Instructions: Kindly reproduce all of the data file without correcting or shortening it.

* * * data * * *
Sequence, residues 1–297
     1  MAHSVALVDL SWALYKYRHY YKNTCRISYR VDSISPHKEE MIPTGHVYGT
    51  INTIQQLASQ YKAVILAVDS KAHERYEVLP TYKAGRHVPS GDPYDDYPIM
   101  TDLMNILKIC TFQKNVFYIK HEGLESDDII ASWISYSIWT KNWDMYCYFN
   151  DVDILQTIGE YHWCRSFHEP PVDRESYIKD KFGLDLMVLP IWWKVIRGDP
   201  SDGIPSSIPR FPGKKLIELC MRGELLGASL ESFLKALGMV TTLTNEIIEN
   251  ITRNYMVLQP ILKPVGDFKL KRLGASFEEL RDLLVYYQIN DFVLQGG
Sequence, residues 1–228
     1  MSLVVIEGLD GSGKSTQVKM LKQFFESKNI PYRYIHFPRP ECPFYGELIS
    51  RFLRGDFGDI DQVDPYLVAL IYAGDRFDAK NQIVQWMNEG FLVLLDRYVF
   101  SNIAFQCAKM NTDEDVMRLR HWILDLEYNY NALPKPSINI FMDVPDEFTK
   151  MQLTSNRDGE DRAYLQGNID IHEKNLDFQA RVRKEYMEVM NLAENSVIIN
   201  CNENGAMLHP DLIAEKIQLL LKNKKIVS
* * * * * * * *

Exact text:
Sequence, residues 1–297
     1  MAHSVALVDL SWALYKYRHY YKNTCRISYR VDSISPHKEE MIPTGHVYGT
    51  INTIQQLASQ YKAVILAVDS KAHERYEVLP TYKAGRHVPS GDPYDDYPIM
   101  TDLMNILKIC TFQKNVFYIK HEGLESDDII ASWISYSIWT KNWDMYCYFN
   151  DVDILQTIGE YHWCRSFHEP PVDRESYIKD KFGLDLMVLP IWWKVIRGDP
   201  SDGIPSSIPR FPGKKLIELC MRGELLGASL ESFLKALGMV TTLTNEIIEN
   251  ITRNYMVLQP ILKPVGDFKL KRLGASFEEL RDLLVYYQIN DFVLQGG
Sequence, residues 1–228
     1  MSLVVIEGLD GSGKSTQVKM LKQFFESKNI PYRYIHFPRP ECPFYGELIS
    51  RFLRGDFGDI DQVDPYLVAL IYAGDRFDAK NQIVQWMNEG FLVLLDRYVF
   101  SNIAFQCAKM NTDEDVMRLR HWILDLEYNY NALPKPSINI FMDVPDEFTK
   151  MQLTSNRDGE DRAYLQGNID IHEKNLDFQA RVRKEYMEVM NLAENSVIIN
   201  CNENGAMLHP DLIAEKIQLL LKNKKIVS